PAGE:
Specimen are obtained by inserting a needle into the pleural space (thoracentesis), pericardial space (pericardiocentesis) or peritoneal cavity (paracentesis). Less commonly, fluid is obtained by suction during thoracic or abdominal surgery.
Fluid is collected in clean containers and sent unfixed to the laboratory. To prevent clotting, which widely disperses cells, thus hindering their evaluation, fluid must be collected in heparinised bottles, or a few drops of heparin must be added into the bottle before the fluid is collected. The specimens can be refrigerated for several days at 4°C without effects on cellular morphology.
Several slide preparation methods are available. The container is shaken to disperse cells, and a 50 mL aliquot of the fluid (or the entire specimen) is centrifuged. The supernatant is discarded and the sediment is used to prepare direct smears, cytocentrifuge preparations, thin layer slides or filter preparations. The slides are alcohol-fixed and Papanicolaou-stained.
If a haematologic malignancy is suspected, air-dried cytocentrifuge preparations are useful. One is stained with a Romanowsky-type stain, the rest can be reserved for immunocytochemical studies. The remainder of the sediment is wrapped in filter paper and used for cell block preparations. It is helpful to coagulate the sediment by adding to it a few drops plasma and a thrombin solution, so that the sediment is congealed into a compact mass. If the fluid was not heparinised and clots are present, they should be removed and processed as cell block material.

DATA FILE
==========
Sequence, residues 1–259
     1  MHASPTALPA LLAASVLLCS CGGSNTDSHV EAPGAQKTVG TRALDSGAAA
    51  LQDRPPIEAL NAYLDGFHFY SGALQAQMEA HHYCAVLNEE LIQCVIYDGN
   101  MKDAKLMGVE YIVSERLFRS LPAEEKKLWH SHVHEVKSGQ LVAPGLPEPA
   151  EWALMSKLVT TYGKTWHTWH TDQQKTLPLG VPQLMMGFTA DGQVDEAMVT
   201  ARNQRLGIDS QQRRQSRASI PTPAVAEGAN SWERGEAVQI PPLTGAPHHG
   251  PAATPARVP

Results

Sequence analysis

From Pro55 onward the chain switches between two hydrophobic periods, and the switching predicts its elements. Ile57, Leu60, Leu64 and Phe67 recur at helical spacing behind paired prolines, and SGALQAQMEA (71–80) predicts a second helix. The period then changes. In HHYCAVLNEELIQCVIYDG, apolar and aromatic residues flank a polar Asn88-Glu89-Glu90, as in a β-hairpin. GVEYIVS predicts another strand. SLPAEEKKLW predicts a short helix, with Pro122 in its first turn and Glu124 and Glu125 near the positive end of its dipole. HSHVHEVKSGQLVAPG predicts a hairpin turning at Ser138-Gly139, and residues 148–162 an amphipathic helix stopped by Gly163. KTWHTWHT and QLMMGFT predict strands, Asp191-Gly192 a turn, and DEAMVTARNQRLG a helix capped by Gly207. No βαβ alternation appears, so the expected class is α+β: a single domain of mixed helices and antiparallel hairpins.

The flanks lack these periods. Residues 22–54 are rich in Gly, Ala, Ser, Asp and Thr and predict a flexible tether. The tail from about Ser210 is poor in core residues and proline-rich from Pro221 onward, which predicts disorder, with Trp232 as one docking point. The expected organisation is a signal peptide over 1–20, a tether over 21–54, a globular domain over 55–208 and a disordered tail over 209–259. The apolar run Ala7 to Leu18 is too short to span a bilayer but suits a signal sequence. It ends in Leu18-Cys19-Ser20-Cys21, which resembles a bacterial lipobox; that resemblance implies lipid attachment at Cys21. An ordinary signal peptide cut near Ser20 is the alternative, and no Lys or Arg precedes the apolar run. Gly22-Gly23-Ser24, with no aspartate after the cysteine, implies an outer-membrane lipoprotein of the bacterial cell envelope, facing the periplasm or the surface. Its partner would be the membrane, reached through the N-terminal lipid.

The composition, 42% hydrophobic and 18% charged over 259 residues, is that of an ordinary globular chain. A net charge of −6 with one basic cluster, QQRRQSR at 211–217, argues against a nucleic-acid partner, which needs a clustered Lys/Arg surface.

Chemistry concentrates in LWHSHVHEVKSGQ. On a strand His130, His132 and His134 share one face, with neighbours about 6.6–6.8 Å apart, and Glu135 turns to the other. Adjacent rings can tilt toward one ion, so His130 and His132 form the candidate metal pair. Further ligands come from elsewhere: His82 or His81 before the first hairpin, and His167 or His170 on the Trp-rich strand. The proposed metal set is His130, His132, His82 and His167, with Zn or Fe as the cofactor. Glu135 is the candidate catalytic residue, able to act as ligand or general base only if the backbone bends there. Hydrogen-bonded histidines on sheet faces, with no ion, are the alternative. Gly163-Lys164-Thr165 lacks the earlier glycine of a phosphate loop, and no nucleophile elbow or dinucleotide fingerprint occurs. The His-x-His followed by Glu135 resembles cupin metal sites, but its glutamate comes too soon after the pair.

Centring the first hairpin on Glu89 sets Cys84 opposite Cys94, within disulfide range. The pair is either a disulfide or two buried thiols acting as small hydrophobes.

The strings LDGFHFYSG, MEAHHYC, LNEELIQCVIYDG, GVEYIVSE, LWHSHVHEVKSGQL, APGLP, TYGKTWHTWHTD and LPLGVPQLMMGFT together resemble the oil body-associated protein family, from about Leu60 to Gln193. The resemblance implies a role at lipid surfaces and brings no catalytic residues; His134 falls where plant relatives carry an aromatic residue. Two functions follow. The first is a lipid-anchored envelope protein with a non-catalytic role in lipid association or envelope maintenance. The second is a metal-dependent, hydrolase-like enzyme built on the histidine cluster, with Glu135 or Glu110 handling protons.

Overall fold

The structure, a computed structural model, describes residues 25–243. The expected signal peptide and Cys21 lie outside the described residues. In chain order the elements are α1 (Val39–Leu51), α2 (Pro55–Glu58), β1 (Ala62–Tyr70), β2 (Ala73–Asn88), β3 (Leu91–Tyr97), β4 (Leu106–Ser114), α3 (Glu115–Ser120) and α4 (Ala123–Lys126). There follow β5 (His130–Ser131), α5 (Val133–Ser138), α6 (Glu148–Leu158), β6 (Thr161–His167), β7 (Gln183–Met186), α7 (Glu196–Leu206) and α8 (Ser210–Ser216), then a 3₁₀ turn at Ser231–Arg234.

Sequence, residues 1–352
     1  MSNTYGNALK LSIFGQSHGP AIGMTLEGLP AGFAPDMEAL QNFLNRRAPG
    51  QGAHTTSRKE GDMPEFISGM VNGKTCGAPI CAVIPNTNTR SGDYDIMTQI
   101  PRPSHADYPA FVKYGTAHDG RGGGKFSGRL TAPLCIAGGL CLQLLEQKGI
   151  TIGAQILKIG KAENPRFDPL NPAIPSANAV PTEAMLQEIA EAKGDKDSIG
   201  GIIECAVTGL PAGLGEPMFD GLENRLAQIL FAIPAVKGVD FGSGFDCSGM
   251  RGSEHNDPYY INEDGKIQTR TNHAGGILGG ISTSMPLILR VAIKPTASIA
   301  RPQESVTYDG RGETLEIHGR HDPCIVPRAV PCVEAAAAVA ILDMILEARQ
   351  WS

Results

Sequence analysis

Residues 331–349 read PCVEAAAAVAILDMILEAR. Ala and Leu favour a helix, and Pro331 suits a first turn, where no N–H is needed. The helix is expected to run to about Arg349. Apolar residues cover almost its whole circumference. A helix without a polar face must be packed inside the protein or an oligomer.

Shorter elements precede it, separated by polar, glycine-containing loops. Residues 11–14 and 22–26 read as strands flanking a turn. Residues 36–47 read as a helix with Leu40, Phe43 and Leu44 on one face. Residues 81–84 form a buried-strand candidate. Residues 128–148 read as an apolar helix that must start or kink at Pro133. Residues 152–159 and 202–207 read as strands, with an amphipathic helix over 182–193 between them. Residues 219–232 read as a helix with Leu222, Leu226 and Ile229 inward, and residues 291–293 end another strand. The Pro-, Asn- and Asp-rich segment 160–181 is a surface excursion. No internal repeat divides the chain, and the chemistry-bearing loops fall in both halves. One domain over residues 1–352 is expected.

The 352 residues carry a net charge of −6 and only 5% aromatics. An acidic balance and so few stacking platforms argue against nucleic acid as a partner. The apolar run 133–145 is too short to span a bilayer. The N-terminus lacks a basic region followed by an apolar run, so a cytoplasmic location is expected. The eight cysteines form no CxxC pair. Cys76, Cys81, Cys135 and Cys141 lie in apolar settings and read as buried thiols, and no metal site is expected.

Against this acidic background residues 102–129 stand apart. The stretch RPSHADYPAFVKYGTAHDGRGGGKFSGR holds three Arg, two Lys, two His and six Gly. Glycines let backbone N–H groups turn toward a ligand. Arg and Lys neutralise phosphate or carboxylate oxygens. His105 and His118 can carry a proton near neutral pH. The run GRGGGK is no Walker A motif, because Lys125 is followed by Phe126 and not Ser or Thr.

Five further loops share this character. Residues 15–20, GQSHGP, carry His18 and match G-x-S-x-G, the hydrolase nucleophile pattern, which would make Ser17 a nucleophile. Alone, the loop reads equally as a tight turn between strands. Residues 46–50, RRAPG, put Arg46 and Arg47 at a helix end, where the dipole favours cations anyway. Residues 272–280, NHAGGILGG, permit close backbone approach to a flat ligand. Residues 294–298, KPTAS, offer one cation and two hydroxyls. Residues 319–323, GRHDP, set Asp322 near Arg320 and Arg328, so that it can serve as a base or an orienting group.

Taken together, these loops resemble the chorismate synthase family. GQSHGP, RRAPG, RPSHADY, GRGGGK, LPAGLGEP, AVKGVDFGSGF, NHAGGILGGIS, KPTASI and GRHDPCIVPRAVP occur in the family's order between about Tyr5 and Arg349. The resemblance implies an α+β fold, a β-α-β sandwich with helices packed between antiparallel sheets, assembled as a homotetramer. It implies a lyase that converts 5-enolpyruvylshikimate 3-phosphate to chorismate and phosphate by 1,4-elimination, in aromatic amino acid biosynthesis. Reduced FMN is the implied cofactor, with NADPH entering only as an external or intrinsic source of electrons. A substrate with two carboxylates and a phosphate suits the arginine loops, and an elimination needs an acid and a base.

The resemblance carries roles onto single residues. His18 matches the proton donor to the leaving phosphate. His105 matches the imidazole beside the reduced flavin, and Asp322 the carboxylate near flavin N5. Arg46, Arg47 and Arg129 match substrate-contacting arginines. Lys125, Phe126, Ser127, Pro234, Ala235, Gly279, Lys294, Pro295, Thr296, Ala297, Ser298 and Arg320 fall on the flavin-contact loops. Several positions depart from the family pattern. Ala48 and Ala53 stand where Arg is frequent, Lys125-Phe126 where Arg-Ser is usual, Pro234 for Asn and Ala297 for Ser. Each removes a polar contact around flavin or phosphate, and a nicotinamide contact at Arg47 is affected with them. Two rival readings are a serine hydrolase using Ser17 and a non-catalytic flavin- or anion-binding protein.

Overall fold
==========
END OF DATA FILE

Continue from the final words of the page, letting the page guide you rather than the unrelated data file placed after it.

To improve sensitivity, most laboratories use two or more preparation methods. Smears alone detect 65-70% of malignant fluids, whereas concentrating methods such as cytocentrifugation, filter and cell block preparations detect about 85% of malignancies. Cell block sections are especially useful for special stains and provide the best morphologic comparison to biopsy material. In some laboratories an unfixed wet smear stained with toluidine blue is prepared first any fluid containing a large number of malignant cells.
Leftover fluid should be stored in the refrigerator in case additional slides are required. Fresh fluid is sometimes useful for other studies, such as flow cytometry, electron microscopy and cytogenetic analysis.
Ficoll gradient technique for removal of red blood cells:
- allows cleaner background
- decreases non-specific antibody binding
- otherwise postfixation in Carnoy